FIVE >> A Little, Few >> Remains in Small Degree
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And take the fifth of the land of Egypt. That this signifies that are to be preserved and afterward stored up, is evident from the signification of "taking a fifth," as here involving the same as tithing or taking a tenth: "to tithe," in the Word, signifies to make remains, and to make remains is to gather truths and goods, and then to store them up. (That remains are goods and truths stored up by the Lord in the inner man may be seen above, n. 468, 530, 560, 561, 661, 1050, 1906, 2284, 5135; and that by "tithes" in the Word are signified remains, see n. 576, 1738, 2280; and likewise by "ten," n. 1906, 2284; and hence also by "five," which number is the half of ten.) Half and double in the Word involve the like as the numbers to which they are applied-as "twenty" the like as "ten," "four" the like as "two," "six" as "three," "twenty-four" as "twelve," and so on; so also numbers still further multiplied involve the like, as a "hundred" and also a "thousand" the like as "ten," "seventy-two" and also a "hundred and forty-four" the like as "twelve." What therefore compound numbers involve can be known from the simple numbers from which and with which they are multiplied; also what the more simple numbers involve can be known from the whole numbers, as what "five" is can be known from "ten," and what "two and a half" is from "five," and so on. In general it is to be known that numbers multiplied involve the like as the simple numbers, but what is more full; and that numbers divided involve the same, but what is not so full.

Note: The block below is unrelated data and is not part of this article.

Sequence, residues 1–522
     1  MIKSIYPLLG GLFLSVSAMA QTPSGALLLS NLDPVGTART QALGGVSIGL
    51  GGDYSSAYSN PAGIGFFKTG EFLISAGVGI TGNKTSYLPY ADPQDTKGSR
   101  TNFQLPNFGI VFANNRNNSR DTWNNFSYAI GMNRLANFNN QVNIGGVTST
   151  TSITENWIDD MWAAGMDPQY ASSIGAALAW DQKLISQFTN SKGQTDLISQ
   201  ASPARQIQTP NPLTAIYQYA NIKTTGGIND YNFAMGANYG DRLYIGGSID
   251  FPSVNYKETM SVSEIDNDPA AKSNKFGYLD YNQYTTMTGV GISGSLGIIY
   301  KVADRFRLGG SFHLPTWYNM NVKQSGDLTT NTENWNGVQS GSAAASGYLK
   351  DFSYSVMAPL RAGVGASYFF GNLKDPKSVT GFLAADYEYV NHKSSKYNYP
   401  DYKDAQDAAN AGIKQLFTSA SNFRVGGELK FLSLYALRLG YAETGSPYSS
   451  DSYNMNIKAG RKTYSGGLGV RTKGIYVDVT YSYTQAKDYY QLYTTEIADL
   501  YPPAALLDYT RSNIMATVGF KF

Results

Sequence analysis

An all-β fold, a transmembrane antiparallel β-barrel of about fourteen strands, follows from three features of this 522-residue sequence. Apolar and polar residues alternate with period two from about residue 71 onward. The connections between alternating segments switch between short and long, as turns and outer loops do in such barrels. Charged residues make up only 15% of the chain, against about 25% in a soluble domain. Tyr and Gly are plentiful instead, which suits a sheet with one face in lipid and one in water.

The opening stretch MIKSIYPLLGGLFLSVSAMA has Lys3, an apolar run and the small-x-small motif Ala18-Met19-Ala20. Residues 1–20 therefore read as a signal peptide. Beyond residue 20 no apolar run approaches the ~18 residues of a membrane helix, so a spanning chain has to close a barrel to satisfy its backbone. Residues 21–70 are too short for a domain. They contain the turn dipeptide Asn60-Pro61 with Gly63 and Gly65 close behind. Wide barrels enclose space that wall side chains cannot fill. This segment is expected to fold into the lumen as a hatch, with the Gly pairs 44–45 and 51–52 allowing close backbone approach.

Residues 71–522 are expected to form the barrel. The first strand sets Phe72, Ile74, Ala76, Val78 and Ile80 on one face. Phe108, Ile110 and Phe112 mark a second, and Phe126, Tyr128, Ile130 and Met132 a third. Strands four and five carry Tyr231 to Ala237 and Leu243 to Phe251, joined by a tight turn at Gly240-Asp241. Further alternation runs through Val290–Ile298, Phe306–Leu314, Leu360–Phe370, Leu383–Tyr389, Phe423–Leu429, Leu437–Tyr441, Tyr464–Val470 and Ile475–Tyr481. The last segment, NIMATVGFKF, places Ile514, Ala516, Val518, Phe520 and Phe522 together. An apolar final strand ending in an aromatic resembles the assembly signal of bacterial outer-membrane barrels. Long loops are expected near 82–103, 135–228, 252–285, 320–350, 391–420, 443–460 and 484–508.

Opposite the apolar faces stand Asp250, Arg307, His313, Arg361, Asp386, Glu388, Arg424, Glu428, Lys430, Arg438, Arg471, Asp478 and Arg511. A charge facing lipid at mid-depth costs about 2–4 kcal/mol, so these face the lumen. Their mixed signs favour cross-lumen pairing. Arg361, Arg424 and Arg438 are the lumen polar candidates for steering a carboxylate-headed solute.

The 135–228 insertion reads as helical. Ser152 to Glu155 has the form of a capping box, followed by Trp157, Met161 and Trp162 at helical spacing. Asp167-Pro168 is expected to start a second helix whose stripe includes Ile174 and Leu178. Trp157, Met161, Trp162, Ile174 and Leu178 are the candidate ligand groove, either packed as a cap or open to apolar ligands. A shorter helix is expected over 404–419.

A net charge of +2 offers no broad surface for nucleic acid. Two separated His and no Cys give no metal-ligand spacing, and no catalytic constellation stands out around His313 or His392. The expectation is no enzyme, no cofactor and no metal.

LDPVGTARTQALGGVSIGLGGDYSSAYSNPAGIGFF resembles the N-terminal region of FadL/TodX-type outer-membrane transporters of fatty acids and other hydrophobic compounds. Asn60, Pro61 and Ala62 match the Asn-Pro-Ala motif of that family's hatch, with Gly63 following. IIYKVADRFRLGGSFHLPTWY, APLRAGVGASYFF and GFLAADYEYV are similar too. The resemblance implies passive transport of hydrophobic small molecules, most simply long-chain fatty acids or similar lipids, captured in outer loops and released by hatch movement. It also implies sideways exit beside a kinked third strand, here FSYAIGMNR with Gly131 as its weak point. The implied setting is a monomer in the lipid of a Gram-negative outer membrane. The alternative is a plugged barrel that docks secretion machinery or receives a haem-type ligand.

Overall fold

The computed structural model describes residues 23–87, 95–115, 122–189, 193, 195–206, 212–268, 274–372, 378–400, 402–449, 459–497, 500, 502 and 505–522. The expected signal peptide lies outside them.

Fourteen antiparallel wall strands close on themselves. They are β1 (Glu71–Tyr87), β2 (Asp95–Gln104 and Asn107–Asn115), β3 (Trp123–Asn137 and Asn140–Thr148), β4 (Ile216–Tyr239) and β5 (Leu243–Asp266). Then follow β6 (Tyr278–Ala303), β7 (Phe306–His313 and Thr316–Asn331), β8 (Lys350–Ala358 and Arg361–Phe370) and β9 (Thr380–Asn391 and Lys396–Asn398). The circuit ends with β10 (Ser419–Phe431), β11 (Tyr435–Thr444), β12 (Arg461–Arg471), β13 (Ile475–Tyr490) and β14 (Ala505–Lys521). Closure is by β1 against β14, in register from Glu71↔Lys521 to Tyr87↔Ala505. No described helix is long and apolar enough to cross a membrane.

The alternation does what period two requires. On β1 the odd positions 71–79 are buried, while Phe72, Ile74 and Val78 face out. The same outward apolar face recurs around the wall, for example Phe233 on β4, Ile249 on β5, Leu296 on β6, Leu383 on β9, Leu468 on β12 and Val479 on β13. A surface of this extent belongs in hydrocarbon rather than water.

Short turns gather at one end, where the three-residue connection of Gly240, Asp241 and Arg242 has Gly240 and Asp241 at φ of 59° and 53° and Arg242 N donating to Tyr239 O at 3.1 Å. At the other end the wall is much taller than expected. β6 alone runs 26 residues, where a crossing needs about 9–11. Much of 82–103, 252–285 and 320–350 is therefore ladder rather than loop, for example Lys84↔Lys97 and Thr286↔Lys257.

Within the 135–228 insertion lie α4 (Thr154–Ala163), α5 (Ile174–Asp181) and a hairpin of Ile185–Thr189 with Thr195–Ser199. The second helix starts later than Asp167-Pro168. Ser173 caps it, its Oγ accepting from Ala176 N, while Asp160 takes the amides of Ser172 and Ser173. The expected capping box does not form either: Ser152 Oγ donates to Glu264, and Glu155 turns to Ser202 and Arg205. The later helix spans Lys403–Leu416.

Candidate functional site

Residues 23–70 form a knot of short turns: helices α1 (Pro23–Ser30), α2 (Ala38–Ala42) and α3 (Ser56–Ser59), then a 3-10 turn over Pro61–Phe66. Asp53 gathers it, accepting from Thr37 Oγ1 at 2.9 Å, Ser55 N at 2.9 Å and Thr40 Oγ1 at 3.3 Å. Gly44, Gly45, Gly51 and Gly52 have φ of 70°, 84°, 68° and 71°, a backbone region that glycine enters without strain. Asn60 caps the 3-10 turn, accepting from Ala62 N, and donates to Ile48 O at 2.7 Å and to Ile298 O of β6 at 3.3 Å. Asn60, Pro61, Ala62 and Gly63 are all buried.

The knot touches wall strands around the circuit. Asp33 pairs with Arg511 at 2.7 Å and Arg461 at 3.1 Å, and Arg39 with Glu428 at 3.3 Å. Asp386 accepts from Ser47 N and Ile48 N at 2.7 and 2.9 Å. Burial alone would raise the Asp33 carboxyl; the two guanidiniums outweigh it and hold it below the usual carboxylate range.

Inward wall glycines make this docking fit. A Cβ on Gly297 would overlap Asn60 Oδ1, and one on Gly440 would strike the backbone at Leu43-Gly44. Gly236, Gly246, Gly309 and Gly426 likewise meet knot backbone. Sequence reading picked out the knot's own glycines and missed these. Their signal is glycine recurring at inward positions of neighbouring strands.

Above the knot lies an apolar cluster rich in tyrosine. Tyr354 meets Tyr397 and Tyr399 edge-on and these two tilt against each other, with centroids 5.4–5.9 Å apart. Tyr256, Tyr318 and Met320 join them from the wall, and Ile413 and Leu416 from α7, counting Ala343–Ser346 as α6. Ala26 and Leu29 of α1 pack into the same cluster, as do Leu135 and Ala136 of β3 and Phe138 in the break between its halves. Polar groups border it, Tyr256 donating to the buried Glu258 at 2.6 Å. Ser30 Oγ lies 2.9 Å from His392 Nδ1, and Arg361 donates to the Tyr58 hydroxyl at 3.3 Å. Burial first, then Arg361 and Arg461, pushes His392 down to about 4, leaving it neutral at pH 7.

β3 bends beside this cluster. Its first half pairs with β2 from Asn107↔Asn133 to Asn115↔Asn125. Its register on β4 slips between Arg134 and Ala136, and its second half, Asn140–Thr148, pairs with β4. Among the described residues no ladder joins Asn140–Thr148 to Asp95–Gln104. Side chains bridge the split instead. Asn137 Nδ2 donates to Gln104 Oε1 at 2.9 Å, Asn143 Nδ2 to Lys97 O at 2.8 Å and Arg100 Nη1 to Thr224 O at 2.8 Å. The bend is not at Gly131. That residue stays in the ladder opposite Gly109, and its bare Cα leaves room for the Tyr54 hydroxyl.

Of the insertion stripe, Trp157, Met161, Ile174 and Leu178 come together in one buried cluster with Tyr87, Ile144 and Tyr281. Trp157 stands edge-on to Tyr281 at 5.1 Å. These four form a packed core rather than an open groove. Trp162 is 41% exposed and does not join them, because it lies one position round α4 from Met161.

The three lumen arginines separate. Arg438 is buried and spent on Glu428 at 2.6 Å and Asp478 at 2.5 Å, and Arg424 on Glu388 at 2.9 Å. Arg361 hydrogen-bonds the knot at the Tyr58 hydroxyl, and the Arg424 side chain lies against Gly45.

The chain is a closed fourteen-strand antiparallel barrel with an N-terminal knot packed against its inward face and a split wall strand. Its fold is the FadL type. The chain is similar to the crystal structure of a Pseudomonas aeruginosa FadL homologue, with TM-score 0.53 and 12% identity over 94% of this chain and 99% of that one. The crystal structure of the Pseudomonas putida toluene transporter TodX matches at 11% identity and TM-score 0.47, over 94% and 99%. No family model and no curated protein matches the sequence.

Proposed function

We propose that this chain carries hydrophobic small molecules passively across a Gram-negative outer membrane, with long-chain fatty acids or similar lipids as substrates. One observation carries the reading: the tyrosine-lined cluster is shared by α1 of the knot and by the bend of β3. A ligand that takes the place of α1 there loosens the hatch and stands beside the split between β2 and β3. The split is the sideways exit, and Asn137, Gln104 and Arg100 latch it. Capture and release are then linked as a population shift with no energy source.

As regards "five" in particular, this number has a twofold signification, signifying a little and hence something, and also signifying remains. That it signifies a little is from its relation to those numbers which signify much, namely, to a "thousand" and a "hundred," and hence also to "ten." (That a "thousand" and a "hundred" signify much may be been above, n. 2575, 2636; and hence also "ten," n. 3107, 4638.) Hence it is that "five" signifies a little and also something (n. 649, 4638). "Five" signifies remains when it has reference to "ten," "ten" signifying remains, as already said. (That all numbers in the Word signify real things may be seen above, n. 575, 647, 648, 755, 813, 1963, 1988, 2075, 2252, 3252, 4264, 4495, 4670, 5265.)